ILLINOIS CAPITOL RECAP: State Supreme Court again declines to rule on FOID Act
In a 4-3 decision with a blistering dissent from the Republican minority, the Illinois Supreme Court declined to rule on a question of whether Illinois Firearm Owners Identification Act is unconstitutional.
It was the second time the case of the People v. Vivian Brown came before the court and the second time the court declined to rule on the constitutionality of the state statute requiring Illinoisans to receive a permit to legally own a gun.
The majority opinion released Thursday was written by Chief Justice Anne M. Burke and was procedural in nature. It contended that the White County Circuit Court failed to adhere to the Supreme Court’s previous 2020 ruling in the case, so it once again vacated the lower court’s ruling that the FOID Act was unconstitutional.
Burke was joined in the majority by Democrats Mary Jane Theis, P. Scott Neville Jr. and Robert Carter.
Justice Michael Burke – who is not related to the chief justice – wrote the dissent.
He argued the majority decision was “based on a misunderstanding of the record and a misreading of this court’s precedents,” and that it could keep the defendant in “legal limbo” for an untold period of years.
The case involves a White County resident, Vivian Claudine Brown, who was charged in March 2017 with possession of a firearm without a FOID card.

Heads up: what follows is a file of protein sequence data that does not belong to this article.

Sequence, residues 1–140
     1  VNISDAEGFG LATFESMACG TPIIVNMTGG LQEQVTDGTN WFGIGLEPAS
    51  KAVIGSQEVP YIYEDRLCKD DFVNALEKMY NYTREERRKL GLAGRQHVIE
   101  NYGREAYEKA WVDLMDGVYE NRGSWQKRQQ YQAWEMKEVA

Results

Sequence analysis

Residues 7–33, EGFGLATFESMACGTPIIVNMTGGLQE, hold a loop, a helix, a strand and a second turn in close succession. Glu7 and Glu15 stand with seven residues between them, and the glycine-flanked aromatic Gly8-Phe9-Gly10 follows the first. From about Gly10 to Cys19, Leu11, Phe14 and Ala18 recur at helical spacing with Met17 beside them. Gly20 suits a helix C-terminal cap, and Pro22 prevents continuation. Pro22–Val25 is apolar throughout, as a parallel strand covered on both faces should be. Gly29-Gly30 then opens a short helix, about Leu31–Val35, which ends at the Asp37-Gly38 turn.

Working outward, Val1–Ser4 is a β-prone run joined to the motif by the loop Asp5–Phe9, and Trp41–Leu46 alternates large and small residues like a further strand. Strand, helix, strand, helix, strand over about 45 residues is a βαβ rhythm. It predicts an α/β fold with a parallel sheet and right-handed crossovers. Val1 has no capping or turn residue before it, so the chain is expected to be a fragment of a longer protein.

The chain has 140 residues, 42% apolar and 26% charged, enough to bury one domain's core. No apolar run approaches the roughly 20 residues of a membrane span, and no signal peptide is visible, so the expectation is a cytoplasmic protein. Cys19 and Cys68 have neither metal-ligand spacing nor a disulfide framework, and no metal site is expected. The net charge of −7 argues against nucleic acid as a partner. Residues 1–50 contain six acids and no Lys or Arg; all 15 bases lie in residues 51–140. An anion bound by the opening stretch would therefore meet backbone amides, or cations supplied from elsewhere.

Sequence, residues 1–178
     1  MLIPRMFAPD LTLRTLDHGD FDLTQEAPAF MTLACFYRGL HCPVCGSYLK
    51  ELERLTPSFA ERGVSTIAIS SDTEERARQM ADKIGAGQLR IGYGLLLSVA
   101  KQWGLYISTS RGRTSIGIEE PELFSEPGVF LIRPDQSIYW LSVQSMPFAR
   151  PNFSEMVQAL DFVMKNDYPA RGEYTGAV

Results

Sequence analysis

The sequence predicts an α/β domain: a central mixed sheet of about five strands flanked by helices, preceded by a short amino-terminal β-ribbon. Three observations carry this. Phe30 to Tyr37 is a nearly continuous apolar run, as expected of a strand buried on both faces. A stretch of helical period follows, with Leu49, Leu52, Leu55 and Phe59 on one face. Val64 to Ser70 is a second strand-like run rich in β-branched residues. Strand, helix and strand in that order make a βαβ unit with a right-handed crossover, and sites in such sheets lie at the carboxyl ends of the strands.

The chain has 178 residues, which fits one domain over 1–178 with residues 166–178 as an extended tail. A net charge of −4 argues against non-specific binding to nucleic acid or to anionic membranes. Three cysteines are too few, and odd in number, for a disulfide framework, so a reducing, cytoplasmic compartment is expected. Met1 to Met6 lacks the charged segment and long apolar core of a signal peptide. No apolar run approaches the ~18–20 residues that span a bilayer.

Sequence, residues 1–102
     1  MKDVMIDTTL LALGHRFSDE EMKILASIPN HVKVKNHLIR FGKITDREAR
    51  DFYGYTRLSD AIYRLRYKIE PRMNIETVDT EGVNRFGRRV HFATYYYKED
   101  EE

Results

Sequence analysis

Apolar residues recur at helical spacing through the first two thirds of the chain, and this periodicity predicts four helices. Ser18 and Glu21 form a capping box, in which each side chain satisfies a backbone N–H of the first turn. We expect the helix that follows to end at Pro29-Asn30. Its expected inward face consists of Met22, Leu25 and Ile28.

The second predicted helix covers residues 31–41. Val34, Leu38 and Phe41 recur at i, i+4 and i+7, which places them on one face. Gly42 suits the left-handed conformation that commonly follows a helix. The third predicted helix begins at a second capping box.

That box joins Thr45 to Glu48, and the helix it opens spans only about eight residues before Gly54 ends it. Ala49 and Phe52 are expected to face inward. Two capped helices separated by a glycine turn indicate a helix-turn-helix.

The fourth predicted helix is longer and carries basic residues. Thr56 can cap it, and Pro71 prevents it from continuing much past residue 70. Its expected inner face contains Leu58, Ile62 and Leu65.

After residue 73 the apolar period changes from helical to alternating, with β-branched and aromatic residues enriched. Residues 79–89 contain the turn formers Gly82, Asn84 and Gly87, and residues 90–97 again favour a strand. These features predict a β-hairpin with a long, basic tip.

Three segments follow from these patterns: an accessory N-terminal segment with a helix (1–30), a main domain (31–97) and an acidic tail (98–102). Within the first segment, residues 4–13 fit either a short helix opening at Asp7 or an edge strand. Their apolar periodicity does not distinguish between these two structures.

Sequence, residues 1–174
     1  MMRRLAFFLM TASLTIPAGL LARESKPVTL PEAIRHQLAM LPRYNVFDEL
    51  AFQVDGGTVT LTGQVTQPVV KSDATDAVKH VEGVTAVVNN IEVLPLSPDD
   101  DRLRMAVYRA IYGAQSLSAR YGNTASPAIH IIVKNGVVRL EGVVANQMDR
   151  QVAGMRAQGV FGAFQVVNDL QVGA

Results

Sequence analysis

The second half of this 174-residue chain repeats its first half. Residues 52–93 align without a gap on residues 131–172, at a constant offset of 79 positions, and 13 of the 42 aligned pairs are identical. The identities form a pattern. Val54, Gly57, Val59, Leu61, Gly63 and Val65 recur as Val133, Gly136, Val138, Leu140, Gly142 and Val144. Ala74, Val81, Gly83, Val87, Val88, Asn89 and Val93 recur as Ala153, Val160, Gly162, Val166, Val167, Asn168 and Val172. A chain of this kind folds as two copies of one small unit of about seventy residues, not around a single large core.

A circuit judge in White County threw out the charge, ruling that the fees and forms required to receive a FOID imposed an unconstitutional burden on Brown’s Second Amendment right to keep a firearm in her own home.
But an alternative ruling from the court contended that the Illinois General Assembly, when it passed the FOID Act, never meant for it to apply in the home, because if it did, it would mean anybody with knowledge of a firearm and exclusive control over the area where it was kept could be construed as possessing the gun.
Because the circuit court ruled on an aspect of the FOID Act pertaining to state law, the Supreme Court’s 2020 decision vacated the order pertaining to constitutionality and sent the matter back to White County to “permit the normal appellate process to run its course.”
The ruling was essentially a win for Brown, but her legal team contended it wouldn’t stand up to an appeal. Thus, Brown’s attorneys filed a motion to reconsider, arguing that the inevitable loss on appeal would delay clarity in the case.
The circuit court agreed and reinstated the charges. Brown’s attorneys then filed a new motion to dismiss on constitutional grounds, which the judge upheld, finding that “any fee associated with exercising the core fundamental Constitutional right of armed self-defense within the confines of one’s home violates the Second Amendment.”
Thus, the state appealed the ruling back to the Supreme Court, leading to the Thursday ruling in which the majority decided the lower court had no authority to reconsider the case after the Supreme Court’s 2020 ruling.
In his dissent, Michael Burke predicted the case will ultimately end up back at the Supreme Court on the constitutional basis, only after a significant delay to Brown’s detriment as the case moves through the appellate court.
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UNEMPLOYMENT FRAUD: A state audit released Thursday found nearly $2 billion in federal money intended to help unemployed Illinoisans during the pandemic was lost to fraudulent claims in Illinois.